“A man left disabled after a road crash could be forced to sell his home after a judge ordered him to hand more than half his compensation payout to his ex-wife.”
This intro from a story in the Daily Mail last week is the type of thing that makes me angry. Not the fault of the Mail (on this occasion!) but more the original decision of a judge which sends the wrong message and puts family law in a bad light. Divorce and divorce lawyers don’t need any help, generally speaking, on that front.
In this case, it was the initial ruling that did the damage. However, Appeal court judges have now given the ex-husband leave to appeal against the “injustice” of the original settlement.
Kevin Mansfield, aged 41, lost a leg and suffered serious spinal injuries when he was hit by a car in Cornwall 1992. He received £500,000 compensation in 1998, five years before he met Cathryn, aged 37. They married in 2003 and had two children but split up five years later.
A court ruled that the divorce should see Cathryn awarded more than half the damages payment (£285,000), even though it was intended specifically to make Mr Mansfield’s life easier.
Interestingly, at the hearing last week where Mr Mansfield was given leave to appeal, the judges suggested he and his wife should seek to reach an out of court settlement on the matter through mediation. This would avoid the crippling fees of a full appeal which would make a huge dent in the assets. I find it encouraging that mediation is now being recommended at the highest level to resolve family law issues.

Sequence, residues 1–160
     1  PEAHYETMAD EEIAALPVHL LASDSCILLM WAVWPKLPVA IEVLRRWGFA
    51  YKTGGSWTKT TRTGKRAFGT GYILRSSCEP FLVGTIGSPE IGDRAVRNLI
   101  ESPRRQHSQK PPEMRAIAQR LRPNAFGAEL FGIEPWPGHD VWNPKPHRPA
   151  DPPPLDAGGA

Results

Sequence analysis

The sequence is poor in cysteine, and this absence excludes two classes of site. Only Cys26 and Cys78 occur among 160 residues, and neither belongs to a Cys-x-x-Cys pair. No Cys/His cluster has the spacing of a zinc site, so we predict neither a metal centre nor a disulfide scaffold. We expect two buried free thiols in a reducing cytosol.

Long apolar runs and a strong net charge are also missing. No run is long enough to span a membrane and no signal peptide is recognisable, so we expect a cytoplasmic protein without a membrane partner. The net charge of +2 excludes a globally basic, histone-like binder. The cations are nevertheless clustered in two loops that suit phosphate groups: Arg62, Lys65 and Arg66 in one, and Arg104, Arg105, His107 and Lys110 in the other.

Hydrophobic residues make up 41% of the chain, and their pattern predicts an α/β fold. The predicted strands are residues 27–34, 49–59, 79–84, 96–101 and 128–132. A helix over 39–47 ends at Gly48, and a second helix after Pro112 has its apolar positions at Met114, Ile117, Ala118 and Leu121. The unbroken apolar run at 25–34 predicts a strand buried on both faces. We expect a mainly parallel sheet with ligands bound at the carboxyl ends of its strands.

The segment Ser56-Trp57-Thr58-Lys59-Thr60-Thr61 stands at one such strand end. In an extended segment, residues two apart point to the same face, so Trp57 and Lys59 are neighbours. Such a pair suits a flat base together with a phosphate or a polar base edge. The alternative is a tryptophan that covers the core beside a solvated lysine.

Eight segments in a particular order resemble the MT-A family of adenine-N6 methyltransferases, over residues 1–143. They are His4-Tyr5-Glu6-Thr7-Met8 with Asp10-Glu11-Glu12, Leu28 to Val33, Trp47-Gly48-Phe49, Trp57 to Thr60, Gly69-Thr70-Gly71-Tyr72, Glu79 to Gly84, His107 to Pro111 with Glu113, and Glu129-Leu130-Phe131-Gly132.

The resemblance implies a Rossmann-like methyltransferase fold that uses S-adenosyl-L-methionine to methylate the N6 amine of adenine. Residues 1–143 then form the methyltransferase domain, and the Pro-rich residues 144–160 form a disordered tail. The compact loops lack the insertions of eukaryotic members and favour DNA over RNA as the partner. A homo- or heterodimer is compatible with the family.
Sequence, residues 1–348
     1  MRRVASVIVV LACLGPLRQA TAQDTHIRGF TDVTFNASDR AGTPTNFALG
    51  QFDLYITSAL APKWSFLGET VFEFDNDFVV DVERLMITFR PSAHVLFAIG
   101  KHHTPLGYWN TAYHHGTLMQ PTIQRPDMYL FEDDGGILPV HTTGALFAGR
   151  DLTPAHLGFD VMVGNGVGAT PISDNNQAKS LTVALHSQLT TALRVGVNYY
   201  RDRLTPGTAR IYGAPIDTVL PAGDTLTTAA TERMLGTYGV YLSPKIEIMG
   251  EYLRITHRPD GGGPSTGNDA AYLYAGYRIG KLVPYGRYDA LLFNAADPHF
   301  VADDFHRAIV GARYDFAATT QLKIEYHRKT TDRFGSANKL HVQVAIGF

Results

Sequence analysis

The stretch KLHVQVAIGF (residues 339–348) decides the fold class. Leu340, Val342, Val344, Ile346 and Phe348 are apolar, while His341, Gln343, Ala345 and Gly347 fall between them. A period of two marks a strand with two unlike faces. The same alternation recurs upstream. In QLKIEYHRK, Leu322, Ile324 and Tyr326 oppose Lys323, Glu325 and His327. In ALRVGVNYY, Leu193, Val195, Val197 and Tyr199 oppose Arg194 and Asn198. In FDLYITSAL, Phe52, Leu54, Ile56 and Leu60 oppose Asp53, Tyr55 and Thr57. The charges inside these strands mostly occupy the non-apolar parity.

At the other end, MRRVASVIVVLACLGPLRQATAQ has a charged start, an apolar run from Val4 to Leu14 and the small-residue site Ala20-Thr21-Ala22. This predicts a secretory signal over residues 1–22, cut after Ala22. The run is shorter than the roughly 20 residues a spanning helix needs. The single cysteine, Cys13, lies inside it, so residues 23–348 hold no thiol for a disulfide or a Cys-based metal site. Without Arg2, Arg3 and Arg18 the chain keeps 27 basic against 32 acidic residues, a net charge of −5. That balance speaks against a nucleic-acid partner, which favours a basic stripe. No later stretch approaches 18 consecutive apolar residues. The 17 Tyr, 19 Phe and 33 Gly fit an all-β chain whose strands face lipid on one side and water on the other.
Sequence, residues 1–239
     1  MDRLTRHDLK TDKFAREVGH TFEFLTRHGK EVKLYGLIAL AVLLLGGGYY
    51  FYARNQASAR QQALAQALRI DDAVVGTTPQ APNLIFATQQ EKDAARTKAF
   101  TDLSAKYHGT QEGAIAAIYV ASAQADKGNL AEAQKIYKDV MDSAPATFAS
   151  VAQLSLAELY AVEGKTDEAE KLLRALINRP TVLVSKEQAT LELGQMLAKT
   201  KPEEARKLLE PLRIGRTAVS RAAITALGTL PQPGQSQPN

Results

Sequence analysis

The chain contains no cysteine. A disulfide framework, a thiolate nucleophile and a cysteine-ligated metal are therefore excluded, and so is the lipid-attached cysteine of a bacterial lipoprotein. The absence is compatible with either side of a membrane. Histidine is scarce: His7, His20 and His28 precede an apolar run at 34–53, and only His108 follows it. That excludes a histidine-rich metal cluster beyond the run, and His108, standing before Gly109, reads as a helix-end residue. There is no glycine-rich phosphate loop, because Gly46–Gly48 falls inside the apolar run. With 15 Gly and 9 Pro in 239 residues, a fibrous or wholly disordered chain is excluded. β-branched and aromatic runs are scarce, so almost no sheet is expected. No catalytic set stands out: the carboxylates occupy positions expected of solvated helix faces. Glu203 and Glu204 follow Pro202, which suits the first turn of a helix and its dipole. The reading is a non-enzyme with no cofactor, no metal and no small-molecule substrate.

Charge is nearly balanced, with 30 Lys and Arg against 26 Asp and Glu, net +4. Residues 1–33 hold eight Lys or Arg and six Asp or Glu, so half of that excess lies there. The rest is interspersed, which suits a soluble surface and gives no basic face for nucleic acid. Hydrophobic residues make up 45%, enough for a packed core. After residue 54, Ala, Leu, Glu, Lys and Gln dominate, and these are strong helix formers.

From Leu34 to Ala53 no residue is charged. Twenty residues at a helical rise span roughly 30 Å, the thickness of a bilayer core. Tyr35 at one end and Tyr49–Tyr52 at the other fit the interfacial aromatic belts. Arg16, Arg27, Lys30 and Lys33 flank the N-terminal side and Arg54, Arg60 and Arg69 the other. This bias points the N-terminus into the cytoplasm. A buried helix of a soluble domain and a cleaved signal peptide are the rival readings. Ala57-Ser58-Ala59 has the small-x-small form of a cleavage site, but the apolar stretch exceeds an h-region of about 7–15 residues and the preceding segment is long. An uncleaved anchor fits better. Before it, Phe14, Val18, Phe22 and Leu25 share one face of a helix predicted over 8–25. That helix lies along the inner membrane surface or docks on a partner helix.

In considering a settlement, the family court has to weigh up the assets, needs of the children, the wishes of the wife and the reality of the situation for a person left disabled and awarded a payout to help them have a good quality of life. It is not about them really being compensated, but just being given money to help them live. No yachts or mansions, but less worry about how to support yourself, adaptations to the home and any ongoing care or equipment. In these circumstances, is it fair to dispassionately treat the compensation payout simply as part of the pot of assets for the couple?